The Common Good

Taking Names: Witness Against Torture Gets Personal

What does it mean to be a Christian in these times? The works of mercy knock on our door. The hungry, the naked, the sick, and the prisoner demand our compassion -- but more, they demand our action.

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I am thinking of the prisoners especially as I prepare for trial in Washington, D.C., tomorrow. There are the 2 million men and women who crowd U.S. prisons -- many for nonviolent offenses. Then there are the tens of thousands shoved in the dark corners of the U.S.'s vast but hidden archipelago of "war on terror" detention. Guantanamo -- perched on the tip of Cuba -- is the most visible and the most vulnerable.

Since walking from Santiago de Cuba to Guantanamo as a work of mercy -- to visit the prisoners and appeal to the humanity of their imprisoners -- with friends in 2005, I have been particularly concerned with what has been called the "gulag of our time."

And so tomorrow, 35 of us go to trial for an action at the U.S. Supreme Court. On Jan. 11, a day that marked six years of torture and abuse at the U.S. Naval Base, 80 of us were arrested there. In the statement we read there, we explained that "We are here to bring their plight and the plight of all prisoners from this current war, to the 'highest court in the land.' We are here to make their suffering visible, to make their voices heard, to make their humanity felt." And we continued that after we were arrested -- many of us were taken into custody under the name of a Guantanamo prisoner. And in a new twist on traditional protest, we will continue to carry those names into the courtroom on Tuesday.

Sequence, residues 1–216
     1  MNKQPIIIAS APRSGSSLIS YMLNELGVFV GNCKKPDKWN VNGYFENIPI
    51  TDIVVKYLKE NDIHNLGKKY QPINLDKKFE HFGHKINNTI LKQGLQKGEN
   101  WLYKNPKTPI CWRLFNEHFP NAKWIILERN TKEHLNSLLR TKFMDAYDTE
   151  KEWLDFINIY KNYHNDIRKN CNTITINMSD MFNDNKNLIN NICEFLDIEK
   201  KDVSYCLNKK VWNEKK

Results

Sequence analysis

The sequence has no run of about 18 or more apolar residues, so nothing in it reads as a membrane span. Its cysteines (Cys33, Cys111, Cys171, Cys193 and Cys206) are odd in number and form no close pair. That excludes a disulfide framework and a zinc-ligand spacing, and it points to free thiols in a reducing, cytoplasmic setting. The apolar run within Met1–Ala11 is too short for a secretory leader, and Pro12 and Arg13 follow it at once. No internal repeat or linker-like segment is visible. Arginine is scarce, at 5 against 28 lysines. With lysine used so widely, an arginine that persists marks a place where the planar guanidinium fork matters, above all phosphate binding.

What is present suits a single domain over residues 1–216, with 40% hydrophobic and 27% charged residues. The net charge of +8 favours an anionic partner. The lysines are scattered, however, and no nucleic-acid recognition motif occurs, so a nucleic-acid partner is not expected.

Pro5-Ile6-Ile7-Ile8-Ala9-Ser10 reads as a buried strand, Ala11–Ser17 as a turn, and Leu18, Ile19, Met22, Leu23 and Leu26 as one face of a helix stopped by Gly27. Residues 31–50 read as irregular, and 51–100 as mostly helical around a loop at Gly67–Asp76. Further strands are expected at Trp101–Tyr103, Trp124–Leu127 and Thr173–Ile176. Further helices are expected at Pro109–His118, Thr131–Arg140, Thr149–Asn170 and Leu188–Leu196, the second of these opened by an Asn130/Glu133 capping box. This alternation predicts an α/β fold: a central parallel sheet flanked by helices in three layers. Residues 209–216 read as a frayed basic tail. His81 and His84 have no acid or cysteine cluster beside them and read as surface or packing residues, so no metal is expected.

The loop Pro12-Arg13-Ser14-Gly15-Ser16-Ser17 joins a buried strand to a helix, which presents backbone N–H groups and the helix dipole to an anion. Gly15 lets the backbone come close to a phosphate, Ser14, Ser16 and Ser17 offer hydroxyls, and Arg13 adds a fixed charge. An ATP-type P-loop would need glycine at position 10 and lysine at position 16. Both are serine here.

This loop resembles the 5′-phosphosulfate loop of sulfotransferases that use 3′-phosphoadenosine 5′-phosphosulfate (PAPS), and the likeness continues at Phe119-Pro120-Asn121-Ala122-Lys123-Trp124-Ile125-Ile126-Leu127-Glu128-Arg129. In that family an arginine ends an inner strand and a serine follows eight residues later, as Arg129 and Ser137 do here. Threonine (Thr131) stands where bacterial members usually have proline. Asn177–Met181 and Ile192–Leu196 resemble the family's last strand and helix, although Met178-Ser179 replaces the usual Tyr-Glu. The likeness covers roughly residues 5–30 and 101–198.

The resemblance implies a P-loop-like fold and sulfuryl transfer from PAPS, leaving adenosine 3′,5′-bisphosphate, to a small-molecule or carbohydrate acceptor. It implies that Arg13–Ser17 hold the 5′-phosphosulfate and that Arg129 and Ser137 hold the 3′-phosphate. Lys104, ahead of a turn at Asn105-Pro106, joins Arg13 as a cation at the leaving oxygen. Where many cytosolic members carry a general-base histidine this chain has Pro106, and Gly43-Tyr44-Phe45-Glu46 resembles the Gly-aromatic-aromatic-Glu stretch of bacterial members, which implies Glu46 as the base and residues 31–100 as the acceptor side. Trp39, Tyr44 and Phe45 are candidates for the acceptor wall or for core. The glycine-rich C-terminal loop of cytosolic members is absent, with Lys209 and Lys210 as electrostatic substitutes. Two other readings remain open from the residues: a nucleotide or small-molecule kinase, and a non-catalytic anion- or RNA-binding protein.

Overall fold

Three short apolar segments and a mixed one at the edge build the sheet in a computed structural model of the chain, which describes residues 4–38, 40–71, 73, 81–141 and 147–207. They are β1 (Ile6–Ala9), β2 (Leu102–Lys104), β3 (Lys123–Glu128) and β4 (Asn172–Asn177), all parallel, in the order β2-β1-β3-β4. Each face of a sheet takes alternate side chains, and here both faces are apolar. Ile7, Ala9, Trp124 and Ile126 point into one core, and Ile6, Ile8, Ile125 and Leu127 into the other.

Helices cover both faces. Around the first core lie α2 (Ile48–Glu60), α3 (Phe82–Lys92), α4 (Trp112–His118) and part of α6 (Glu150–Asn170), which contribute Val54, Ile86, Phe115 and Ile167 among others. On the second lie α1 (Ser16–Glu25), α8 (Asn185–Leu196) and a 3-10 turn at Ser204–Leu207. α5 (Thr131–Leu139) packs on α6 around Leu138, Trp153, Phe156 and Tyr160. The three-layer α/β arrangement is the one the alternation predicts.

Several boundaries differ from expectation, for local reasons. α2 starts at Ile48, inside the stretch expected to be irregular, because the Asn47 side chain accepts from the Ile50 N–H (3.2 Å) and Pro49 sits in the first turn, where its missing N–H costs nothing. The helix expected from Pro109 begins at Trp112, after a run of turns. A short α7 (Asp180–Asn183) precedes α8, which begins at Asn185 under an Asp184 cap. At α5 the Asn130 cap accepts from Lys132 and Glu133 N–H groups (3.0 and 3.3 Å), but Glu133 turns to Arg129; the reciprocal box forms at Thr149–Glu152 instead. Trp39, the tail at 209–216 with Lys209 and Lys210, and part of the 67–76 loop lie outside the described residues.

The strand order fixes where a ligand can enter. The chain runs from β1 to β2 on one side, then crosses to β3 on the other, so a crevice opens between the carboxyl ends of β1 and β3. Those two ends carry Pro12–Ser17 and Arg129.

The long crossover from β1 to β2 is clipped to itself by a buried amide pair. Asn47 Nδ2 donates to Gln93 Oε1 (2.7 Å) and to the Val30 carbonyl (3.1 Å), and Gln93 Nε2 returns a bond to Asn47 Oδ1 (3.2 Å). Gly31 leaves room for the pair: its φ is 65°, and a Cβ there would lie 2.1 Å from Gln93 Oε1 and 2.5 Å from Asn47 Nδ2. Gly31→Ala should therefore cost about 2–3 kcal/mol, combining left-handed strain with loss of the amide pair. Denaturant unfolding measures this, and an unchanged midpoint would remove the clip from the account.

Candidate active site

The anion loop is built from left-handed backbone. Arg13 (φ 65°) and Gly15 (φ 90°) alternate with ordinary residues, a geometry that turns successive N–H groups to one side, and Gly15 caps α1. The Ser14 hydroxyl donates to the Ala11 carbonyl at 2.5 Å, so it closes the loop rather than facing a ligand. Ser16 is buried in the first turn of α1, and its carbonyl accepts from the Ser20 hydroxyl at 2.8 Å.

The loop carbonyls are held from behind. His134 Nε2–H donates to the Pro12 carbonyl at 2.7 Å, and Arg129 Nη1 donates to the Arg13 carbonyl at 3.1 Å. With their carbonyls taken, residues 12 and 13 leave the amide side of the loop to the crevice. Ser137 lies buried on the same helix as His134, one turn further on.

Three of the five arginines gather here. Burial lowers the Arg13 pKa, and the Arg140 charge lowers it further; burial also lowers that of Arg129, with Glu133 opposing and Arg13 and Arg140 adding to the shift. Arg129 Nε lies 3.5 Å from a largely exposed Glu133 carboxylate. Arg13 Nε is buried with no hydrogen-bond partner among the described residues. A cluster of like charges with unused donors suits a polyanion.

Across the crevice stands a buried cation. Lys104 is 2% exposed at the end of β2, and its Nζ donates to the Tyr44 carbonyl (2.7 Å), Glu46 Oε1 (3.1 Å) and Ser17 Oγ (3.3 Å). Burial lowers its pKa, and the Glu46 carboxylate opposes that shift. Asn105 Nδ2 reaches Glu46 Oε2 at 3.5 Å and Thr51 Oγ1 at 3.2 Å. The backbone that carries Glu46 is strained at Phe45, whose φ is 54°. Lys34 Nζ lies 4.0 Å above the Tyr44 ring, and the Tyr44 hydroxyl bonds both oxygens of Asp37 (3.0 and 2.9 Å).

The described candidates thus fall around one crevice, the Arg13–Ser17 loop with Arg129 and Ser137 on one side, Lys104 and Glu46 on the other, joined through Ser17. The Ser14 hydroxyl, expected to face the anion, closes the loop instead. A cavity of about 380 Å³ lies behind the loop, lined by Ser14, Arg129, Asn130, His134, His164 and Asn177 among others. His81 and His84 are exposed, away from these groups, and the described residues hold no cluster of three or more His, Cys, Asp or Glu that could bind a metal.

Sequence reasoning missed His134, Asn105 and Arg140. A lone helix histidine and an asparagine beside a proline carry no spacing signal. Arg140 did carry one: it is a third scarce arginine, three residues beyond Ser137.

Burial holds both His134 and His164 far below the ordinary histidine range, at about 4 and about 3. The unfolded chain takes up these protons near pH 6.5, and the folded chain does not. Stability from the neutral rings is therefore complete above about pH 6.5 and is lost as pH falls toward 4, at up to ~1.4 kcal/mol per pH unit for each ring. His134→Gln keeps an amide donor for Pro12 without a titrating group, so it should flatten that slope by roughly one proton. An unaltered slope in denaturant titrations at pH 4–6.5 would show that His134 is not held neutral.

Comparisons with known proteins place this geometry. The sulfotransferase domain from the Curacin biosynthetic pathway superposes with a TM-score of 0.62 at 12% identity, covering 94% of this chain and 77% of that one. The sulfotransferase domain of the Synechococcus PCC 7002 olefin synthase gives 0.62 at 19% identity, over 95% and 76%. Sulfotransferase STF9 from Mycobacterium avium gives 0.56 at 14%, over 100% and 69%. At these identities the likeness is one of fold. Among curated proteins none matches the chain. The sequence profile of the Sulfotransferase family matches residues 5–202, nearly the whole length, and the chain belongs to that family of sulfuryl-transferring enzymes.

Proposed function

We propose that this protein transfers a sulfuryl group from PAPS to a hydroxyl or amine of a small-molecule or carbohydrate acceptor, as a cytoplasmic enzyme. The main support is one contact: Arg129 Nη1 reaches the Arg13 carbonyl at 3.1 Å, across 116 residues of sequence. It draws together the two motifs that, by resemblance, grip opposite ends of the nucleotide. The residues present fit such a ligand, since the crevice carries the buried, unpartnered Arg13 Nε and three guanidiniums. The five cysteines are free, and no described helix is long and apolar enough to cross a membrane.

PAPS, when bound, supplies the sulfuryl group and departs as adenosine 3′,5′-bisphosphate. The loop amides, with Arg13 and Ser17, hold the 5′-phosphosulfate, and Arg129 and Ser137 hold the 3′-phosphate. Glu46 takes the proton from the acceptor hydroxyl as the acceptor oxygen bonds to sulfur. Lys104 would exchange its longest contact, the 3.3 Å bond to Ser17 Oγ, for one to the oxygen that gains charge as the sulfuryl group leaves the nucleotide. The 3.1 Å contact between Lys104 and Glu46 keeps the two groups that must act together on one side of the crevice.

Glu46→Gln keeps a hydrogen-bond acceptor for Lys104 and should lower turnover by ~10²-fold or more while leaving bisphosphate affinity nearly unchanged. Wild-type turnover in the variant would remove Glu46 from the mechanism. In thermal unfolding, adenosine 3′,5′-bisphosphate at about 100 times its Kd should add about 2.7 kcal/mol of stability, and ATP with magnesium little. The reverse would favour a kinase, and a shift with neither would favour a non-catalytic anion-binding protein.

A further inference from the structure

This act symbolically grants the Guantanamo prisoners their day in court, which the Pentagon has denied them for years. For example, Christine Gaunt, a grandmother and third-generation hog farmer from Grinnell, Iowa, will carry with her into the courtroom the name and the memory of Abdul Razzaq, an Afghani man sent to Guantanamo in 2003. She reflects: "Abdul Razzaq continually claimed his innocence. He died in Guantanamo in 2007 of cancer, leaving behind children and grandchildren. He never had a chance to make his case in a court. I will take his name to honor his right to justice before a proper court, a right cruelly denied him at Guantanamo."

Frida Berrigan is a member of Witness Against Torture and can be reached at frida.berrigan@gmail.com

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